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Better newborn jaundice tests will improve therapy
Bilirubin metabolism in a healthy human and during phototherapy

Skoltech researchers have refined a technique used in bilirubin blood tests for diagnosing newborn jaundice and fine-tuning phototherapy prescribed for it. Jaundice affects up to 80% of preterm infants, who are treated with blue light phototherapy and conventional drugs. However, so far no standard scientifically grounded guidelines are available specifying the precise color of light, irradiation power and duration. These parameters need to be optimized, considering that phototherapy is not free of side effects. To enable this, scientists require better ways to measure bilirubin levels, which is exactly what the new study in Physical Chemistry Chemical Physics has contributed to.


In as many as 8 in 10 preterm babies, the liver is unable to cope with bilirubin — a toxic product of red blood cell decay. This leads to elevated bilirubin levels in the blood and the tell-tale yellowish skin color.

Newborn jaundice therapy usually involves exposing the baby to blue light. This transforms the bilirubin molecules so that they can be eliminated by the body bypassing the biochemical reaction that is disrupted in a sick infant’s liver.

However, there are no standard guidelines for how long blue light exposure should last, what the optimal irradiation power is, and how it all relates to disease severity. 

To resolve this uncertainty, researchers need a way to measure bilirubin concentrations in the tissue more accurately than is now possible. Skoltech scientists suggest supplementing the currently used technique, which detects how much of the incident light is absorbed by the solution, with fluorescence measurements.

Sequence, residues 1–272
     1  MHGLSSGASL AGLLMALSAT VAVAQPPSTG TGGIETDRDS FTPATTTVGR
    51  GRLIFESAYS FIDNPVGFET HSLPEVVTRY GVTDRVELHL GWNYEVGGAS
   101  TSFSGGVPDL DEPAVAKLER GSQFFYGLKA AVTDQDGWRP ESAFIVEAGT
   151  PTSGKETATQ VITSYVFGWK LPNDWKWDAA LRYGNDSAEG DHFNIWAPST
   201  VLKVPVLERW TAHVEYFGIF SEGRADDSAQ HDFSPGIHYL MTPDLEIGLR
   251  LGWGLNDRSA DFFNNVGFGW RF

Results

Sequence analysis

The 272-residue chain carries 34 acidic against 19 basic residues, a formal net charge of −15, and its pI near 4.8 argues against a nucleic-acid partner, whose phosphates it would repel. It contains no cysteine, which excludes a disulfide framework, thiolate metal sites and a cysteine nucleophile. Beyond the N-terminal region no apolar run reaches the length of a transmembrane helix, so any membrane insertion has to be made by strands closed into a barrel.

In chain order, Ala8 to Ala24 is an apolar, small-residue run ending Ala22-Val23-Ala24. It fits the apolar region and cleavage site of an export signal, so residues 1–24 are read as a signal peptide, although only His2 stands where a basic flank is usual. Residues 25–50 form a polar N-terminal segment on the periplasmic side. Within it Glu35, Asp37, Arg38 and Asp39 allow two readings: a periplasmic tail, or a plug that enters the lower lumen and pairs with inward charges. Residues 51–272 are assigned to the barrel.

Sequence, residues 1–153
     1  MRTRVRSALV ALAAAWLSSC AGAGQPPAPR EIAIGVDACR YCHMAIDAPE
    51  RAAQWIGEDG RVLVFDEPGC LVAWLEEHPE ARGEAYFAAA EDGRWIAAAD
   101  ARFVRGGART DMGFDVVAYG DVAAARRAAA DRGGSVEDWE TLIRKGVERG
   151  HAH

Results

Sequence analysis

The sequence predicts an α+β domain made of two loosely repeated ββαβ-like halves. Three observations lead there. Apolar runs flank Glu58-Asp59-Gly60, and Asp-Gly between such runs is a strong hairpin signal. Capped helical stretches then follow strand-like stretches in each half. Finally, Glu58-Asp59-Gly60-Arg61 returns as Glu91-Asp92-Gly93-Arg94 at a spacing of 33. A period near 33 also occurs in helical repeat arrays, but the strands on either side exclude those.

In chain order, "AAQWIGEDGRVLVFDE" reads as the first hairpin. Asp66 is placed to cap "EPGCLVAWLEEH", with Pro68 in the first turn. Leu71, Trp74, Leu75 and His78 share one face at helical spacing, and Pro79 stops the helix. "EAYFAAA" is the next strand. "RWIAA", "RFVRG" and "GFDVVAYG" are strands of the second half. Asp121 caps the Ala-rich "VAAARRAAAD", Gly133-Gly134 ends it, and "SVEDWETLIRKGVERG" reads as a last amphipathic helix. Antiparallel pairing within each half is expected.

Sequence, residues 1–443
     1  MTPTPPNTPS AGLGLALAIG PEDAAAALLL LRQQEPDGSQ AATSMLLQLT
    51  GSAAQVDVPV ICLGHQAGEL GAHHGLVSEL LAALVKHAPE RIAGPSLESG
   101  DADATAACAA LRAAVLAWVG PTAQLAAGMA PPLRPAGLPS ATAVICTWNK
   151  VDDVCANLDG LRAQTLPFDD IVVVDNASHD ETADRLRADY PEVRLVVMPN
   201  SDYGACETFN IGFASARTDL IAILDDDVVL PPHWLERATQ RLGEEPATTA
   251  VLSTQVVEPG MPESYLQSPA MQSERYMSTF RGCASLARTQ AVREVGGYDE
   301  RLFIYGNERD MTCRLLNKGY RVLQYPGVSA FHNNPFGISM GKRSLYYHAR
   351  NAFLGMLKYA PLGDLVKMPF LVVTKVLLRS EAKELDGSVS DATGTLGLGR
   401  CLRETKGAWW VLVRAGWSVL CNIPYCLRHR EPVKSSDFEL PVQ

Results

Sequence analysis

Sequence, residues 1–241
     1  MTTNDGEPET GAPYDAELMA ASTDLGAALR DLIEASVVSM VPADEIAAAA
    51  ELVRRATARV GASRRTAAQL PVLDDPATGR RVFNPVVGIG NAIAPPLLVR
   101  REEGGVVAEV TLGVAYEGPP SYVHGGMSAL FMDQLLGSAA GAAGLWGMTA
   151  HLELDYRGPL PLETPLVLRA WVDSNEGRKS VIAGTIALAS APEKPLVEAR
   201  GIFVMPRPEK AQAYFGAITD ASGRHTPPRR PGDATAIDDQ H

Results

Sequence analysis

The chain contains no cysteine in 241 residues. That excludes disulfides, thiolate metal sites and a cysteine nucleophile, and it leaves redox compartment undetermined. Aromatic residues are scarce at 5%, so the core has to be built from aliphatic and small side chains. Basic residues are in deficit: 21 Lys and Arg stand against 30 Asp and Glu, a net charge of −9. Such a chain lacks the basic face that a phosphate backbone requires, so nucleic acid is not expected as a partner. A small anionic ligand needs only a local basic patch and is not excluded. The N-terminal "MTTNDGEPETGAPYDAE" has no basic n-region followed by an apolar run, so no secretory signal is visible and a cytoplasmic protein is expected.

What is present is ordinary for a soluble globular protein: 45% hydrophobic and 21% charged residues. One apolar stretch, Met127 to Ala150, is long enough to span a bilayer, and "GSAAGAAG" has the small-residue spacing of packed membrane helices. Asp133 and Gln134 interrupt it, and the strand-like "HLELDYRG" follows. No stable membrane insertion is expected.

Fluorescence refers to molecules reemitting absorbed light at a lower frequency. That is, the light gets redder and carries less energy. (The lost energy mostly goes toward heating or configuration changes, although other mechanisms are involved, too.) Having measured fluorescence for a range of known bilirubin concentrations, you can then use these data to infer concentrations from observed fluorescence. This is intended to supplement the existing approach for greater accuracy, not to replace it.

“We took liquid samples of bilirubin at different concentrations, spanning both normal and pathological levels, illuminated them with blue light, and monitored fluorescence. The most light was emitted at a wavelength of 532 nanometers, which is green,” the lead author of the study, Sergei Perkov of Skoltech Photonics, commented.

Now, it is to be expected that for a high-concentration solution, fluorescence will increase as you maintain blue light exposure. The reason is that in a concentrated solution, there is so much bilirubin all over the place that much of the fluorescent light gets reabsorbed by other bilirubin molecules before it can be detected. As the concentration gradually goes down under blue light illumination, this so-called quenching becomes less pronounced and more fluorescence should be — and was — observed. So far, so good. But surprisingly, a similar trend presented itself for a low-concentration solution, too.

“Our current hypothesis is this,” Perkov explained, remarking that at this point, this is merely a conjecture. “We know that bilirubin is transported by a protein called albumin, each molecule of which has multiple ‘slots’ available for it. And no matter what the concentration is, some of the fluorescence might be quenched by the neighboring bilirubin molecules carried together on one albumin. So even if the albumin molecules in the low-concentration solution are too far apart for the regular fluorescence quenching to happen, this other mechanism works regardless of concentration, and we think this explains our unexpected findings.”

The scientists have thus highlighted an unexpected effect in fluorescence dynamics and supplied a calibration plot tying observed fluorescence to bilirubin concentrations. The team hopes that combined with the existing measurement technique, fluorescence monitoring will eventually make phototherapy of neonatal jaundice safer, more effective, and better tailored to individual patients.

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